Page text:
Review and photos by Bracken Hake
Attending a gig on a Tuesday evening is unusual, but the unexpected may provide the most amazing moments. That night carried a special promise for me, as I found myself looking forward to an evening of live music despite knowing absolutely nothing about the bands slated to perform. My enthusiasm grew with each step as I approached the beautiful Cadogan Hall in the heart of Central London.
Dim Grey took the stage and the crowd burst into a frenzy, enthusiastically singing along to every lyric from the first note. It was an enthralling way to begin the evening. Their first song, “Abalus | In Time,” off their latest album, quickly captured my attention. The experimental yet progressive sound of the music, combined with its cinematic quality, transported me on an enthralling sonic journey.
Following that was “The Wave We Thought We’d Ride Forever,” a song that reminded me of Radiohead and boasted a powerful post-rock vibe that hit home. As the night progressed, “Closer,” a tune that preserved their distinctive experimental touch while also incorporating an intriguing trace of country flavour, was an interesting listen.
Both Oskar Holldorff and Hkon Hiberg exhibited an incredible ability to harmonise flawlessly throughout their performance, producing an enticing synergy on stage that breathed an additional layer of enchantment into the night.
Following a brief interval, Big Big Train, the legendary UK progressive rock titans, took the stage. As the lights dimmed, the unmistakable strains of Ozzy Osbourne’s “Crazy Train” flooded the air, causing a collective outpouring of excitement from the audience. Big Big Train grabbed the stage with an incredible 11-piece ensemble that included everything from guitars and violins to a full brass band. I, like many others in the audience, was taken aback when the brass section began to play.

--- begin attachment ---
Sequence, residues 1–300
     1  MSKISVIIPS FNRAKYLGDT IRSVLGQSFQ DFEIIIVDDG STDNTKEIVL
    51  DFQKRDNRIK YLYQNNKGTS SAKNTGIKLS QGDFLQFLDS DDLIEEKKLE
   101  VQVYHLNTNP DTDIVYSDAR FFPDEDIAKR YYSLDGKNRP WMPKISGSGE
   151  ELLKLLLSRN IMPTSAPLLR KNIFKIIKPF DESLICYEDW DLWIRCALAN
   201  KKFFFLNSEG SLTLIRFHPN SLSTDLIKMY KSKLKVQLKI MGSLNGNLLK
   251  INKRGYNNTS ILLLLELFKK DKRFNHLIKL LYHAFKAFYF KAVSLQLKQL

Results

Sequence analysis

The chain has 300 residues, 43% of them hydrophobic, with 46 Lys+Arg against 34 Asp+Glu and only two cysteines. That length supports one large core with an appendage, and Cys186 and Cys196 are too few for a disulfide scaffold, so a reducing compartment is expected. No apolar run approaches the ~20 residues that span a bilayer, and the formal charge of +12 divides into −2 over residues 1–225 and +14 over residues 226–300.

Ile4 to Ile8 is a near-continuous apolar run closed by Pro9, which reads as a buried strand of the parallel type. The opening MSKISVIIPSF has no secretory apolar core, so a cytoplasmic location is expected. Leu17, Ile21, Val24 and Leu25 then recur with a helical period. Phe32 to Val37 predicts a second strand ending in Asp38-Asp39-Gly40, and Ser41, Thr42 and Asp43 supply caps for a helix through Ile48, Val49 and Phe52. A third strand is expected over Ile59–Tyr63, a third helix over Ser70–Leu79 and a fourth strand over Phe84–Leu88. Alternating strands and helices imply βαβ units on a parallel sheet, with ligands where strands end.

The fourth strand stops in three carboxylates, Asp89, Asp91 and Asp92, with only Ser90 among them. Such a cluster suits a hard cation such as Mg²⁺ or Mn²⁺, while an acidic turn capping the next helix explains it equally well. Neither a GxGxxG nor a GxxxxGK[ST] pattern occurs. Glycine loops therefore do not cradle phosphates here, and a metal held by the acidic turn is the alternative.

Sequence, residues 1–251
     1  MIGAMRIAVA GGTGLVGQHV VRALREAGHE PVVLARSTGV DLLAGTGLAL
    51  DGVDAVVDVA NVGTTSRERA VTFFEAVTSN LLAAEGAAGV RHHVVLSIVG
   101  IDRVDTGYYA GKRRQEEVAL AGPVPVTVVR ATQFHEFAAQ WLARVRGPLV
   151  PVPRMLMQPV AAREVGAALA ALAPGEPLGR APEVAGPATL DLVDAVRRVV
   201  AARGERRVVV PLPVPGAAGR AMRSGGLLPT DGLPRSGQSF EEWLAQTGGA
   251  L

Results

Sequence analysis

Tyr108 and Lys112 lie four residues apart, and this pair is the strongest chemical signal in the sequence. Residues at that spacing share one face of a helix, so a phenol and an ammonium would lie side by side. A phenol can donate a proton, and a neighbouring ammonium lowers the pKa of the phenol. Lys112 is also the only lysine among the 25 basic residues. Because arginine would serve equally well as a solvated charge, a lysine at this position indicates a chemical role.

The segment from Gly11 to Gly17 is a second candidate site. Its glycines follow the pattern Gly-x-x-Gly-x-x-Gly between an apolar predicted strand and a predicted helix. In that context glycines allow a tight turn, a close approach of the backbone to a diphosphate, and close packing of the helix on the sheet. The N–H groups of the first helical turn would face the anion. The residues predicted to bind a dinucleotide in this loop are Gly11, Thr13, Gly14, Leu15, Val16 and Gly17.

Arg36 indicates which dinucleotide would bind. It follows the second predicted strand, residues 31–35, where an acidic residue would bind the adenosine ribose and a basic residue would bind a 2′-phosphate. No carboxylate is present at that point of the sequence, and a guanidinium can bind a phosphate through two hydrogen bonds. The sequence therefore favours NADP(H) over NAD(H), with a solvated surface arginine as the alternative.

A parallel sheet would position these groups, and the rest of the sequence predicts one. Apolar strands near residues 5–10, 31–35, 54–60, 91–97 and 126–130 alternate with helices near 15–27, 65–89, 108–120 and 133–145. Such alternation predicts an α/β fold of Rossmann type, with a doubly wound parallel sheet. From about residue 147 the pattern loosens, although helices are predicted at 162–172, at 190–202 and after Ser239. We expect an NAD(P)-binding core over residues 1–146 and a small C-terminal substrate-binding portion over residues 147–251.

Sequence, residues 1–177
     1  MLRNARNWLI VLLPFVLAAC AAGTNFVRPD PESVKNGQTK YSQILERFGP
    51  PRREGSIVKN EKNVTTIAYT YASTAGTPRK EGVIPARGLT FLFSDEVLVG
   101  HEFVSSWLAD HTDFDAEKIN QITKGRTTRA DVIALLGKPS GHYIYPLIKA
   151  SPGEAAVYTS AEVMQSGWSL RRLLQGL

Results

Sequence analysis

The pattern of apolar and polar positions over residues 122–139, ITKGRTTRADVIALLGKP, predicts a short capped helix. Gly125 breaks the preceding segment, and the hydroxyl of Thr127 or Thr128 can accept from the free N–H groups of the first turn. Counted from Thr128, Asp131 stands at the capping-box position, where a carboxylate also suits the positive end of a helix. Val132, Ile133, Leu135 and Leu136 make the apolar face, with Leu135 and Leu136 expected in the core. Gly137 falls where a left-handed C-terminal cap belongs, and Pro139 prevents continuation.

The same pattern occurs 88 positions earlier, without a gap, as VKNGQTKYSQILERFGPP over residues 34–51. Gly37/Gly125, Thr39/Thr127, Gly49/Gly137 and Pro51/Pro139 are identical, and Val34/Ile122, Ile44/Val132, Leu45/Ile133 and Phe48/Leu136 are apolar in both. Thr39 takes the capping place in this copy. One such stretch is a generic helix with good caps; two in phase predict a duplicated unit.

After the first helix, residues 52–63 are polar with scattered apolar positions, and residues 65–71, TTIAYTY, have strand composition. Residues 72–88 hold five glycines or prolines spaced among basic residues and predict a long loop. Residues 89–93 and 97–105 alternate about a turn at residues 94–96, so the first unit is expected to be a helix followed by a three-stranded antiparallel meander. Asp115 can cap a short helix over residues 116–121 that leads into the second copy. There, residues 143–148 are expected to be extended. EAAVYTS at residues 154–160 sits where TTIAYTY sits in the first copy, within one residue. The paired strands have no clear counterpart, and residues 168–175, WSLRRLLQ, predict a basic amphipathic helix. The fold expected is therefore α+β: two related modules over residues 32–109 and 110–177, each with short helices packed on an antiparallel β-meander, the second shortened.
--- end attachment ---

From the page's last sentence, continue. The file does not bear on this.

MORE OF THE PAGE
Their set began with “Folklore,” a tune that felt like Jethro Tull had been imbued with the strength of a brass band. The fusion was nothing short of spectacular, making it a must-listen for music fans of all genres. Big Big Train demonstrated an incredible level of on-stage camaraderie despite the logistical burden of organising so many musicians.
The audience definitely enjoyed their two-hour concert, and I can confidently say that I did as well. This was unquestionably a night that will go down in the history of great live music experiences.